John of Saltmarsh was a very young baby when he inherited the Manor of West Hanham He was a descendant of the De Hanham family who held the manor from the Lords of Berkeley. Two neighbouring Lords, The Blounts of Bitton and De la More of Oldland wished to control the Estate and fought a court action [1272] as to who should acquire the wardship of the manor during his minority. De la More prevailed.

          In 1287 when Saltmarsh attained 15 years [the age of discretion] he took court action to oust the guardianship of De la More. However De la More proved that by his lineage Saltmarsh held the Manor by a Knight’s Fee, which was a military duty and he could not do so until he reached the age of 21.

          If he had held it under an ordinary tenancy called soccage he would have been able to sell the manor later without much trouble. But when he came to sell it in 1329 the Knight’s Fee was an obstacle to a regular sale. ~ It seems likely that he would have approached the ‘Superior Lord’ to see what could be done about it.   -   The Knight’s Fee was part of the Baron’s duty to the Crown which could not be removed without considerable trouble and expense. It was clear that the Berkeleys could not allow a sale that might let it fall into the hands of another Lord unless they sought the king’s permission.   ­-    They would have to specify the prospective new owner who would take on the Knight’s Fee.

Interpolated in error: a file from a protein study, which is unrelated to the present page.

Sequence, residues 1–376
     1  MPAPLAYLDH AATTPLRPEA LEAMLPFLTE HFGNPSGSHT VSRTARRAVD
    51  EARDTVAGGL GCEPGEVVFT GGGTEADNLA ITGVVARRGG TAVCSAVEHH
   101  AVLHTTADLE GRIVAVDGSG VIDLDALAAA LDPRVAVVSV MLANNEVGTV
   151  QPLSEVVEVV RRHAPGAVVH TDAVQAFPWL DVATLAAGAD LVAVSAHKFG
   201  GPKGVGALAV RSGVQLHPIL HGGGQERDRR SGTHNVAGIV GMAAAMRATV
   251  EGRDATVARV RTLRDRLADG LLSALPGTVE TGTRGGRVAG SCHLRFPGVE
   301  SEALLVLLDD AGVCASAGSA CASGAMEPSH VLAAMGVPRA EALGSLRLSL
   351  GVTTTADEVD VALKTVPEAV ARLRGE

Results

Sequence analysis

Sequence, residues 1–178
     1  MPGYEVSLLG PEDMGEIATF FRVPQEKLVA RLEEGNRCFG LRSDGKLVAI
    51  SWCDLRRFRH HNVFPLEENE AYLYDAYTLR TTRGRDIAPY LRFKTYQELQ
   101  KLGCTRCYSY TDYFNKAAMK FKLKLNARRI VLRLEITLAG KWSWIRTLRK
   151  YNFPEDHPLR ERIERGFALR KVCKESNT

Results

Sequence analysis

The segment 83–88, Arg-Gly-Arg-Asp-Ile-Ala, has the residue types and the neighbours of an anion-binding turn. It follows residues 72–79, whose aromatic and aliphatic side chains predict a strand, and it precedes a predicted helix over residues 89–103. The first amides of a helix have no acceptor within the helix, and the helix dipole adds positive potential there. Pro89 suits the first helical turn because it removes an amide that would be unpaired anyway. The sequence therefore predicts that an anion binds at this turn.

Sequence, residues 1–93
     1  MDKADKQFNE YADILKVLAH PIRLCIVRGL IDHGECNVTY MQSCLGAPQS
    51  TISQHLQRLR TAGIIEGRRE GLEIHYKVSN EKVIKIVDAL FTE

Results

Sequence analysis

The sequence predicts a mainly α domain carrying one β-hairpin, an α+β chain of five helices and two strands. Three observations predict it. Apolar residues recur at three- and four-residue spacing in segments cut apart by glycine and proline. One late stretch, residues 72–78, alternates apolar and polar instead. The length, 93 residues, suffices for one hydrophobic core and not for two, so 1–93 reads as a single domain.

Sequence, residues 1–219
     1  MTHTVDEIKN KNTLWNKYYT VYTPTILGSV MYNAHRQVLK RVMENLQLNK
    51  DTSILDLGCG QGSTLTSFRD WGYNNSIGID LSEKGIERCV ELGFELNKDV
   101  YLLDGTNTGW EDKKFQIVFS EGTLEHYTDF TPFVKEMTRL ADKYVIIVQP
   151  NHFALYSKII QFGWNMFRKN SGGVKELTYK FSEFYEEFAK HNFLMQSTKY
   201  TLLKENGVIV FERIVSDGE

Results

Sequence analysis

The Berkeleys had founded the Abbey of Keynsham and over time had given much to it.  -  It is recorded in Sir Robert Atkyns’ ‘History of Gloucestershire’ that William de la Grene held land in Marshfield for the Abbey of Keynsham [1326]. He and John de Bagworth would have been known to the Berkeleys as commissioners for the Abbey.


          When Saltmarsh wishes to sell the manor in 1329 there remains this obstacle to a sale in the open market. However the Berkeleys do have a way to help Saltmarsh by arranging the sale to William de la Grene and John de Bagworth who will apply for a Licence under the Statute of Mortmain to give it to the Abbey.  This will extinguish the ‘Knight’s Fee’.  -  It then seems obvious that the Berkeleys would have funded de la Grene and de Bagworth to make the purchase. Then the expected conveyance to the Abbey took place within a year.  It was in fact another gift to their favourite Religious Order.   A previous suspicion that the commissioners were a ‘front organization’ appears doubtful as they took the proper action by licence. Only the money source and amount are not vouchsafed to us. - I doubt there was any subterfuge involved.



     The estate transferred at this time is listed as: -